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Leila Abolfazli, Senior Counsel

Leila Abolfazli is Senior Counsel in the Health and Reproductive Rights Program at NWLC. She works on a range of issues involving the protection and expansion of reproductive rights at the federal level. Prior to joining the NWLC, Ms. Abolfazli was a Senior Associate at WilmerHale in Washington, D.C. She is a graduate of Emory University and Georgetown University Law Center.

My Take

Mayhem in the House of Representatives

Posted by Leila Abolfazli, Senior Counsel | Posted on: January 22, 2015 at 01:25 pm

Who knew a fight over a reporting requirement for rape survivors could take down a horrible bill that would impose a nationwide abortion ban on later pregnancies? But that’s exactly what happened last night. Just as I was about to get on a treadmill to work out the stresses of the day, I learned that the House Rules Committee was hastily convening at 9 pm to replace the 20 week ban bill with a totally different anti-abortion bill.

You can’t make this stuff up when it comes to abortion politics.

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The Latest Controversy Over The Inadequate Rape/Incest Exception

Posted by Leila Abolfazli, Senior Counsel | Posted on: January 21, 2015 at 07:59 pm

Two Congresswomen who had cosponsored H.R. 36, the bill that would impose a nationwide ban on later abortions, pulled their support yesterday because of the narrow exception for rape and incest survivors. This exemption would have required survivors of rape or incest to report their attack in order to obtain an abortion. Media accounts noted that the two cosponsors pushed for eliminating the reporting requirement. This latest controversy highlights the fundamental problem with this bill—the cold rejection of the reality of women’s lives.

H.R. 36 exempts a rape or incest survivor only if the survivor reports the sexual assault to an “appropriate law enforcement agency” (or, in the case of incest, to a “government agency legally authorized to act on reports of child abuse or neglect”).

You may be wondering why this is an issue. For one thing, most sexual assaults aren’t reported--official statistics set reporting rates at just 35% [PDF]. Among college students, the reporting rate is just 20% [PDF].

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Here’s How You Fight: Support the Women’s Health Protection Act

Posted by Leila Abolfazli, Senior Counsel | Posted on: January 21, 2015 at 05:19 pm

I am in charge of intern hiring for our team at the Law Center. Lately, I have noticed a lot of intern applicants saying that they weren’t interested in reproductive rights specifically until they heard about what was happening in Texas. You see, the Texas state legislature passed a bunch of horrible abortion restrictions that have shut down half of the state’s abortion clinics, leaving huge swaths of the state without an abortion provider. Many of the remaining clinics could still close if some of these restrictions are ultimately upheld by the courts.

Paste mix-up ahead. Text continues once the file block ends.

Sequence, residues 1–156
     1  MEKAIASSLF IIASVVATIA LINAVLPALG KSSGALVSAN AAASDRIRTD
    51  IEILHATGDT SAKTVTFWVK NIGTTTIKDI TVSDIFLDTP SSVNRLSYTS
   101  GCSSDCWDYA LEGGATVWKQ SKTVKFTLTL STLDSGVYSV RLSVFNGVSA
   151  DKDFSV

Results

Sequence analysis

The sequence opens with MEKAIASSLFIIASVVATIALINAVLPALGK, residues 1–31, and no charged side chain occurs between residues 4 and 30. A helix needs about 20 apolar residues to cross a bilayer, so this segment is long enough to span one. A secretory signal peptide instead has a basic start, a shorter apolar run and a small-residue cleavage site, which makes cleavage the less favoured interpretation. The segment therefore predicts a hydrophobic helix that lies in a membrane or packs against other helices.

During the special legislative session convened just for passing the horrible restrictions, a huge crowd of women’s rights supporters showed up to protest the bill and support Wendy Davis’s filibuster. It was truly an amazing sight; people across the country stayed up into the wee hours to watch Wendy, the crowd, and other state representatives push back on the awful bill.

After some rushed maneuvering by the anti-abortion politicians to shut down the filibuster and the protestors, the legislature passed the law.

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And So It Begins — A New Congress Reigniting An Old Fight

Posted by Leila Abolfazli, Senior Counsel | Posted on: January 08, 2015 at 04:44 pm

Tuesday, as members of Congress were getting sworn in to start the new session, some members were also reintroducing blatantly unconstitutional legislation that would impose a nationwide ban on abortions for women seeking abortions after twenty weeks of pregnancy.

Such a bill is glaringly unconstitutional because it: 1) it bans abortions pre-viability; 2) it does so with an inadequate life exception (apparently the drafters do not think suicide is life-threatening); and 3) it completely lacks a health exception.

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38 Anniversaries Too Many: Time to End the Hyde Amendment

Posted by Leila Abolfazli, Senior Counsel | Posted on: September 30, 2014 at 10:20 am

Anniversaries. I love celebrating anniversaries. Yay to Roe v. Wade, yay to Title IX, yay to 12 years with my husband. Bring on the flowers, cake, and happy dances.

But there is one anniversary where a dark cloud comes over the day. And that’s the anniversary of the Hyde Amendment.

What’s Hyde you say? It’s the restriction that’s passed every year for the past THIRTY-EIGHT years denying women with Medicaid health insurance coverage of abortion except in a few limited circumstances. Every year Congress decides that some women don’t deserve to decide for themselves what’s best for them and their families. Every year some members of Congress who don’t like abortion personally are withholding Medicaid coverage from qualified women, just to make it harder or even impossible for them to have an abortion.

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